Invasion of the Bloodsuckers: Bedbugs and Beyond
Head Louse

Human head louse
Pediculus humanus capitis

 

 

 

Human head louse
Pediculus humanus capitis


People with dark hair will also have dark-colored lice. The color of the louse develops during feeding in the nymphal stage.
The latest treatment for head lice is a chemical from a bacterium found in the soil around an abandoned Caribbean rum distillery.
Head Louse

Lice are found only on placental mammals and are very host specific. There are around 550 species associated with nearly every major mammalian lineage. The human head louse (Pediculus humanus capitis) occurs in all human populations. A small, wingless insect, it spreads by human-to-human contact. The head louse does not transmit any pathogenic diseases.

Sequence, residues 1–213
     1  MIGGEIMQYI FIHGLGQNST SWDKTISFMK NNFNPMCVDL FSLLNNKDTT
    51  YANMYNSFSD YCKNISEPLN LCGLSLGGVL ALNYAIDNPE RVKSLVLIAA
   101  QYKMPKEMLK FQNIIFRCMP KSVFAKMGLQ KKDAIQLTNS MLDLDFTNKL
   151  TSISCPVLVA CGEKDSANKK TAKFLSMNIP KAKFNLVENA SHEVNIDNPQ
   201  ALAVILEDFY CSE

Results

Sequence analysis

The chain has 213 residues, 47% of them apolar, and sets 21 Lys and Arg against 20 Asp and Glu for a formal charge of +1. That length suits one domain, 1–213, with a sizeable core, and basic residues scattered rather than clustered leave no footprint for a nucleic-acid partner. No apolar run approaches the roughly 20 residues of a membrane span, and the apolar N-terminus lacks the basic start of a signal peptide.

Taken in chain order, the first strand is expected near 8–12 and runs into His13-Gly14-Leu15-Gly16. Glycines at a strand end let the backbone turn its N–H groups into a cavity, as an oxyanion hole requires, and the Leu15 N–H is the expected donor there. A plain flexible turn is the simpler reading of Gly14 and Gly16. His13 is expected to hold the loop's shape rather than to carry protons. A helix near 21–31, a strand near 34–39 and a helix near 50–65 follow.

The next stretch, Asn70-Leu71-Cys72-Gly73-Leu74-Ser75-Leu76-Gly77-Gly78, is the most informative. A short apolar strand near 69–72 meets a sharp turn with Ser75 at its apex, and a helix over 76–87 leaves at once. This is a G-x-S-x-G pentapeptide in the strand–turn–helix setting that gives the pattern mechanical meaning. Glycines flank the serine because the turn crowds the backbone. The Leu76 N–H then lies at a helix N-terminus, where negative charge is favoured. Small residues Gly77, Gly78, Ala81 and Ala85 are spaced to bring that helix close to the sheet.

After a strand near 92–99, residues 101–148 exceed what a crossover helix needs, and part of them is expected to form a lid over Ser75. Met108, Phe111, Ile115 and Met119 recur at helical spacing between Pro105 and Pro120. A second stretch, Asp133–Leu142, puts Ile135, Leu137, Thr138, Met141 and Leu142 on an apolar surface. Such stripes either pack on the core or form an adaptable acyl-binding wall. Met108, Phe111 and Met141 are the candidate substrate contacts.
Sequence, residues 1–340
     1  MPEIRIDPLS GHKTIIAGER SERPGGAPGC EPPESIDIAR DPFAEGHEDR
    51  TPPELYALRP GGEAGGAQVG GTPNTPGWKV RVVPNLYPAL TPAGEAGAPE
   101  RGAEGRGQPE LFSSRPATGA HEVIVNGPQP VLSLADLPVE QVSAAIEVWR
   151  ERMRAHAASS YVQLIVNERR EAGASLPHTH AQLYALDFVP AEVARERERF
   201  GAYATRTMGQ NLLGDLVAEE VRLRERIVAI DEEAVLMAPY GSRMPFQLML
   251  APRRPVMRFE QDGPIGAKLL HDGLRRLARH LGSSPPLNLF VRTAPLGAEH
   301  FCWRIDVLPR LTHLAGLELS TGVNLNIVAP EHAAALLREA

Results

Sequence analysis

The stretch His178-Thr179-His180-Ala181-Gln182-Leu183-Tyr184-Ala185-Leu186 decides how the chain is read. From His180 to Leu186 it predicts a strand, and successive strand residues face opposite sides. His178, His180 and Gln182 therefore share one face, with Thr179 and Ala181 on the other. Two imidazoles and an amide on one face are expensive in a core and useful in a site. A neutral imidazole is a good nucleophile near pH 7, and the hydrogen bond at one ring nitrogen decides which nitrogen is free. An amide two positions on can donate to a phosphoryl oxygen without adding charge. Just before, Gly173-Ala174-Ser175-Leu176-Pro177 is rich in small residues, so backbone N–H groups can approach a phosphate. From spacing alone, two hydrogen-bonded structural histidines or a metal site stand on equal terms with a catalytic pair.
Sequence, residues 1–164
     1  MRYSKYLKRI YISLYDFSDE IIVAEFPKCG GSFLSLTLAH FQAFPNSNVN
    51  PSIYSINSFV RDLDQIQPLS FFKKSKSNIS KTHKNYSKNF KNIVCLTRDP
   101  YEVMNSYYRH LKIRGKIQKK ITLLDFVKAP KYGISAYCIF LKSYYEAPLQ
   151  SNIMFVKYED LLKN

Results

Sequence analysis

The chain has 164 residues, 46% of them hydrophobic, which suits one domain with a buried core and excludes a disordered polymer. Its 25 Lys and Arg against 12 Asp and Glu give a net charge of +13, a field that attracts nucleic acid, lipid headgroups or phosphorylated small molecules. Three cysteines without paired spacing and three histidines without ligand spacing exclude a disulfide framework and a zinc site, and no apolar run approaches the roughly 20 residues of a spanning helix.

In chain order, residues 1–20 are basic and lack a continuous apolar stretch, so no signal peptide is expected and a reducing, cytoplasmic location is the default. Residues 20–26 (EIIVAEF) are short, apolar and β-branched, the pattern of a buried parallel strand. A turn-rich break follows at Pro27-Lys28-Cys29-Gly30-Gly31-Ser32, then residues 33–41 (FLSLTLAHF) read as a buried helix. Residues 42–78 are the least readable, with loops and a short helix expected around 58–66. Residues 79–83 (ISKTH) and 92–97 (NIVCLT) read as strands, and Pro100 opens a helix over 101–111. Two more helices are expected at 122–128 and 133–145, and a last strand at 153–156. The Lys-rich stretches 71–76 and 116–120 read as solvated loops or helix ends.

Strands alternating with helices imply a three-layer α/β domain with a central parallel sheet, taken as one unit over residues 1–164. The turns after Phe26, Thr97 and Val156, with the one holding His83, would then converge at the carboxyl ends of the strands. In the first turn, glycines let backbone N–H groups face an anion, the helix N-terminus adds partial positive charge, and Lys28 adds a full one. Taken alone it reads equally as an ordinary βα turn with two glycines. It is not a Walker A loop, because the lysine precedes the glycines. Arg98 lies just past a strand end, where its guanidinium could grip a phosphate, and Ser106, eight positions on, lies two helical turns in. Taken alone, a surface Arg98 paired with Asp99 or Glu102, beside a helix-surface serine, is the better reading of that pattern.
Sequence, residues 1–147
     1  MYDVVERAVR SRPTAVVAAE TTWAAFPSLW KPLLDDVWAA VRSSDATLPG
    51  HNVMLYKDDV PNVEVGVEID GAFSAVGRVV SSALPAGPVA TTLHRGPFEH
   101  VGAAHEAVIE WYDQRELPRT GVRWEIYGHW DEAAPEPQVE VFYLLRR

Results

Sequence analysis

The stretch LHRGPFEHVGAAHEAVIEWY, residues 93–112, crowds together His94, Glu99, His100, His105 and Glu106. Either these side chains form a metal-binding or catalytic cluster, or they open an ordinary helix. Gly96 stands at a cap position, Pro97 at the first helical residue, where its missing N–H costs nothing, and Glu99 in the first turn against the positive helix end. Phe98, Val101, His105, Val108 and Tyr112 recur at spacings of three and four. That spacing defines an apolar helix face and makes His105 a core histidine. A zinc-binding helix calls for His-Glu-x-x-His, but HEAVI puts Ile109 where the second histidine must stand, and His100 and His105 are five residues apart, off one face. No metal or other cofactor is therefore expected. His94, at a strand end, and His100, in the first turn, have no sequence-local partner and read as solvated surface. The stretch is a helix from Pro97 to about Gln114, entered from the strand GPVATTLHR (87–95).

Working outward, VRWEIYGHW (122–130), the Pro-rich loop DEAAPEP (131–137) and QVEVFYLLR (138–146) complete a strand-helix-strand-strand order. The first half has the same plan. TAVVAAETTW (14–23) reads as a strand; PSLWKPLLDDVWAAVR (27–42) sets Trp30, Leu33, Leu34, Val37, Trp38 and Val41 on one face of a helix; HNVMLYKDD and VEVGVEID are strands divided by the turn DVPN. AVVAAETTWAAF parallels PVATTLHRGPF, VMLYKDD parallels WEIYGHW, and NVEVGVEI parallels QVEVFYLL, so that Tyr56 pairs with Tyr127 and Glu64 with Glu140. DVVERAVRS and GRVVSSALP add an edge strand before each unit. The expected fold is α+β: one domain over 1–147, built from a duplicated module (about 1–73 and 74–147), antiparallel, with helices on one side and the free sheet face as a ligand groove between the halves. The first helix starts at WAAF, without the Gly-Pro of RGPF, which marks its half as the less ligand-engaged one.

This louse species completes its entire life cycle on the human head. Eggs glued to human hair hatch and grow through three nymphal stages to become adults. Head louse claws are adapted to grasp fine hairs. Because of its sensitivity to temperature and moisture, and its nutritional needs, this louse cannot survive more than 48 hours away from its human habitat. Therefore, humans, as do other mammals, use regular grooming to reduce louse populations.

 

Head lice rely on their host’s blood throughout their growth and as adults. They feed frequently at each stage. Females use digested blood to produce around six eggs a day.